Ryan Remiorz, AP
Raymond Lafontaine, who lost his son and two daughters-in-law, receives a hug from Quebec Premier Pauline Marois during her visit to Lac-Megantic, Quebec, Thursday, July 11, 2013. Marois toured the site of Canada's worst railway catastrophe in almost 150 years, after a runaway oil train killed 50 people in a fiery explosion.
LAC-MEGANTIC, Quebec — Quebec Premier Pauline Marois lashed out on Thursday at the railway boss whose runaway train leveled the center of a tiny Quebec town, as residents came to grips with the reality that 50 of their neighbors were likely dead.
"The behavior of the company and its president has been absolutely deplorable," Marois said of the executive, Ed Burkhardt, and the Montreal, Maine & Atlantic Railway, whose driverless train of tanker cars smashed into Lac-Megantic early on Saturday and exploded in a wall of fire.
The Quebec government is making a $58 million aid package available to the many people and businesses affected by the explosion.
The five-locomotive train was hauling 72 tanker cars of crude oil, part of a vast crude-by-rail expansion throughout North America as oil output soars in Canada and North Dakota and pipelines run out of space.
Police say they have recovered 24 bodies, with another 26 people still missing and now presumed dead.
Burkhardt said on Wednesday he thought the engineer had not set enough handbrakes when he parked his train late on Friday at the end of his shift, and he apologized to residents of the town of 6,000.
The words of remorse came too late for many locals, who accuse Burkhardt of shirking responsibility. A chaotic news conference he gave on Wednesday was interrupted by cries of "murderer" from angry residents.
"They still aren't taking the blame," said one resident, who would give only her first name, Christiane.
More than 200 investigators are working day and night to sift through the charred wreckage in the center of the lakeside town in what authorities say is a crime scene. They have made no arrests.
A death toll of 50 would make the accident the worst rail crash in North America since 1989, and Canada's deadliest accident since in 1998, when a Swissair jet crashed into the Atlantic off the coast of Nova Scotia, killing 229 people.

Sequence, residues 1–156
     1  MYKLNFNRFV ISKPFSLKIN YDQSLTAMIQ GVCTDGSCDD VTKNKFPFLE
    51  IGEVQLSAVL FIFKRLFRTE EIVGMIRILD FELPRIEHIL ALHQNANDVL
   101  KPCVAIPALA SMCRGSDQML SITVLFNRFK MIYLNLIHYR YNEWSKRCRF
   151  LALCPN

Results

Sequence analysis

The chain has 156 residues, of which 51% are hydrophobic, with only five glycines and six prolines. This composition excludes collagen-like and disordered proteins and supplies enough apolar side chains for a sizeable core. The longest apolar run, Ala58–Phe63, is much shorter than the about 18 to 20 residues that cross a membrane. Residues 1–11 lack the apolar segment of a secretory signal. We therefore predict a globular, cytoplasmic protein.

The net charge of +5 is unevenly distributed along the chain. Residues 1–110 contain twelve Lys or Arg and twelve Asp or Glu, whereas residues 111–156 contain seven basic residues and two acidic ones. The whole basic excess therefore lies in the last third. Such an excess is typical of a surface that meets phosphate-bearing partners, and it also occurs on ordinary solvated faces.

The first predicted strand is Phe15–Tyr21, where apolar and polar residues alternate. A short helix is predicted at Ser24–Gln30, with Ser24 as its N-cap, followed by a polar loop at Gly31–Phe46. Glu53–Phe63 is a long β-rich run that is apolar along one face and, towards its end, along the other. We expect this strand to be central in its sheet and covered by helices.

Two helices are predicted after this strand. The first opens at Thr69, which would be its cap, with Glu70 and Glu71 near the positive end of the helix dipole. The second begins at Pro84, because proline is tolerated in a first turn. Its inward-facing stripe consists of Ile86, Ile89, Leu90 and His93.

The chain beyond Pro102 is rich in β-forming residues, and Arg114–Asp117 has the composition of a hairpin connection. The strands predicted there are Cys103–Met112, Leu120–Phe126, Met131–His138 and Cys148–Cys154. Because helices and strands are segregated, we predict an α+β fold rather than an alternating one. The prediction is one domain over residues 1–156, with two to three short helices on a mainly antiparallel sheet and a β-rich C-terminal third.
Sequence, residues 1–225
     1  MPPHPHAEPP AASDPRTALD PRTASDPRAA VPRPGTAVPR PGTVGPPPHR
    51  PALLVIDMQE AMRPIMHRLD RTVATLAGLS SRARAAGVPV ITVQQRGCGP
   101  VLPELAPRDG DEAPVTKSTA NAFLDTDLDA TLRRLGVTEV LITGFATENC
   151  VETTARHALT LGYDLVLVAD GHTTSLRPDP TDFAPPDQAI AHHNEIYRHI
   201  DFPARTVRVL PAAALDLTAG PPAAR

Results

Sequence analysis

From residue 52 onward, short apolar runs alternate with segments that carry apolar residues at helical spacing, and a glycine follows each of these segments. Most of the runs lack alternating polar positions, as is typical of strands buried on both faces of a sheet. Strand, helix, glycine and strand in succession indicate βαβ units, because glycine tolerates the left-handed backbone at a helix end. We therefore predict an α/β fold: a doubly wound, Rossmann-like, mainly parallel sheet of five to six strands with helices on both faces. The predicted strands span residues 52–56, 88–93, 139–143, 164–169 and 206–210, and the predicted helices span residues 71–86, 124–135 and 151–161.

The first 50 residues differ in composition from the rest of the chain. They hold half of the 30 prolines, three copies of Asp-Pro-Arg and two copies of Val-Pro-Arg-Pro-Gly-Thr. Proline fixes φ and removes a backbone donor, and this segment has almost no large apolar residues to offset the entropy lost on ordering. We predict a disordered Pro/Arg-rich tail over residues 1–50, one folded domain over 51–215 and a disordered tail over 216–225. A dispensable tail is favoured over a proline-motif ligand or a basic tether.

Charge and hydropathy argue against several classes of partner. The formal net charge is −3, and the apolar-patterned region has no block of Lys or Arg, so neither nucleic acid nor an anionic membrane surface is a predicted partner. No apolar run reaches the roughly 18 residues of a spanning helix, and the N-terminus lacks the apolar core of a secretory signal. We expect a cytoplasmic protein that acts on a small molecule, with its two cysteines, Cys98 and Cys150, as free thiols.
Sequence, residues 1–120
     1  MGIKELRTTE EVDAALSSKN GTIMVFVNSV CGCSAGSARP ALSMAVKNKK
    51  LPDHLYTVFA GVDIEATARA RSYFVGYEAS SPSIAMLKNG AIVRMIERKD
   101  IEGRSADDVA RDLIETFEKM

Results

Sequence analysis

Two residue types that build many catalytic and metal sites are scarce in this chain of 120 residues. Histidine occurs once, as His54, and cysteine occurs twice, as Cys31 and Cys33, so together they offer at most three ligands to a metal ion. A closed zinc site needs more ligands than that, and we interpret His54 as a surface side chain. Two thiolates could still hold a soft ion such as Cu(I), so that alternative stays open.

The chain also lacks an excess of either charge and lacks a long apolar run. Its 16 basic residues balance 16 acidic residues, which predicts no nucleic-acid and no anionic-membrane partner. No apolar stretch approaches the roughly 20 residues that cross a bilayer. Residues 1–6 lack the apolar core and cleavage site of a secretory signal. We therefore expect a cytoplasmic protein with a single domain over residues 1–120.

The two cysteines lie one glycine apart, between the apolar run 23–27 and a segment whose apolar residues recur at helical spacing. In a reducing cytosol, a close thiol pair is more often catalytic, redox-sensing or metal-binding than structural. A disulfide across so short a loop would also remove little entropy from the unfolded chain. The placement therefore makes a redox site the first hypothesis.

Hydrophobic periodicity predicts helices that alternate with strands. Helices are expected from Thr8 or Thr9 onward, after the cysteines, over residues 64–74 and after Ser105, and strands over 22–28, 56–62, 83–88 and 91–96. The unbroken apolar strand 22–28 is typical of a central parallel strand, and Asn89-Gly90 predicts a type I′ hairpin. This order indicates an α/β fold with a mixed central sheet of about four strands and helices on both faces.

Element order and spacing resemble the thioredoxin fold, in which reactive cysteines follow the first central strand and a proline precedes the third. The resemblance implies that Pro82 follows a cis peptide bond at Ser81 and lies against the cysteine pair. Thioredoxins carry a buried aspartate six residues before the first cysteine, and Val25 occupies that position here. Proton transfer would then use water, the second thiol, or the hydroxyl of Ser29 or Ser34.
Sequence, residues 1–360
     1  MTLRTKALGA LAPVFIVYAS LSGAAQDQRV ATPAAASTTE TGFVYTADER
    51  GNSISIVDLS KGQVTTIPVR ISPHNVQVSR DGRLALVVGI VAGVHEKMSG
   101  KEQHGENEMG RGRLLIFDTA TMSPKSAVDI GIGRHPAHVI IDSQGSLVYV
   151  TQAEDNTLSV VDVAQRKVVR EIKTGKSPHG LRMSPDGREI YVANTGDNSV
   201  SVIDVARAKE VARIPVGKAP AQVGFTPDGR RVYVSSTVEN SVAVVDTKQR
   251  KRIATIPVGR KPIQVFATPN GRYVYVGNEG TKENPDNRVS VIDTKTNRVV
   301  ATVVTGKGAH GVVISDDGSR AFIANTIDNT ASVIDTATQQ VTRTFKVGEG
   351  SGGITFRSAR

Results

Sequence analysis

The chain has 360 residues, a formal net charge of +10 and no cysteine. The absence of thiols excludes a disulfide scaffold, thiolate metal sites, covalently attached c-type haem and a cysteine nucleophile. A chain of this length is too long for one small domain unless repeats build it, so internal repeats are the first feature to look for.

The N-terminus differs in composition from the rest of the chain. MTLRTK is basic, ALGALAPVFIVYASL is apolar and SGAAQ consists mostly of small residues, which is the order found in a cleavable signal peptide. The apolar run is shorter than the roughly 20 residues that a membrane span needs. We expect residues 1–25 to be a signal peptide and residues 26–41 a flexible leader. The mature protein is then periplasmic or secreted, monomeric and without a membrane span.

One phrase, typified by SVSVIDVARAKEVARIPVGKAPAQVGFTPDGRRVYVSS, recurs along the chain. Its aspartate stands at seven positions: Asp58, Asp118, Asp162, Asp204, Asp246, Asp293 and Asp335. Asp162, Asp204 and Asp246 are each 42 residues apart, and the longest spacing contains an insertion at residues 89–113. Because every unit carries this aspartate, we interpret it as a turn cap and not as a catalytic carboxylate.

But while the "red zone" in the center of town remains closed to all but investigators, some businesses have started to reopen and more than half of the 2,000 people evacuated from their homes on Saturday have been allowed to return.
Office supply shop owner Jean Dube, 54, said he was uncertain whether his insurance would cover his losses because of confusion over whether the building — which lies near the blast site — was damaged.
His shop will be off limits indefinitely as police and federal investigators sift through the area for bodies and clues to the cause of the crash. He said his store did not appear damaged, but emergency officials told him there was oil and toxic gas in his basement.
"There are details of our policy that we were not aware of. If the building is damaged, our lost revenue is covered for 12 months," he said. "If there is no damage to the building, we get two weeks. This was shocking when we learned this. They told us that it is the same for other companies here as well."
But the railway's loss will turn out to be truckers' short-term gain. Gaston Quirion, 59, owner of Quiroy trucking in Lac-Megantic, said he expects to be overloaded with work with the temporary track closure and the restart of local business.
"The factories are restarting ... We expect much more work to supply the factories for a while because the train can't pass," he said. He had about 20 trucks in his fleet. "We will need to request help from other companies. Before the train began stopping here we needed 75 trucks," he added.
He said he and his girlfriend were out of town the night of the blast, but that his 75 year-old mother was in the apartment above his store.
"She said the inside of her room became bright like the day, even though the blinds were down," he said. She escaped in her car unhurt.Copyright 2013 Thomson Reuters. Click for restrictions.